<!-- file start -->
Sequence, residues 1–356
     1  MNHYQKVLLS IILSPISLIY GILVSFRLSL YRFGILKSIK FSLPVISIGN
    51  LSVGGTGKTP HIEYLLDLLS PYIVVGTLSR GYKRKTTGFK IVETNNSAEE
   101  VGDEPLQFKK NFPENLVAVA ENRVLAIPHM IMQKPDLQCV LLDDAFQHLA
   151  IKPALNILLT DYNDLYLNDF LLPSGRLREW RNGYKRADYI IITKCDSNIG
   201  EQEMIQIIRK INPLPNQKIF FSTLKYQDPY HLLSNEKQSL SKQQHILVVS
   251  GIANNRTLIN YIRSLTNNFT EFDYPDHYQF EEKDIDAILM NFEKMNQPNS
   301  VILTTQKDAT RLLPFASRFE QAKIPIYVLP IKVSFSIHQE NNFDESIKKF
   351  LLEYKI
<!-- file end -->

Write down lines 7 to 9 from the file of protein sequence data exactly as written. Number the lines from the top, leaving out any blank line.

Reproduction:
   251  GIANNRTLIN YIRSLTNNFT EFDYPDHYQF EEKDIDAILM NFEKMNQPNS
   301  VILTTQKDAT RLLPFASRFE QAKIPIYVLP IKVSFSIHQE NNFDESIKKF
   351  LLEYKI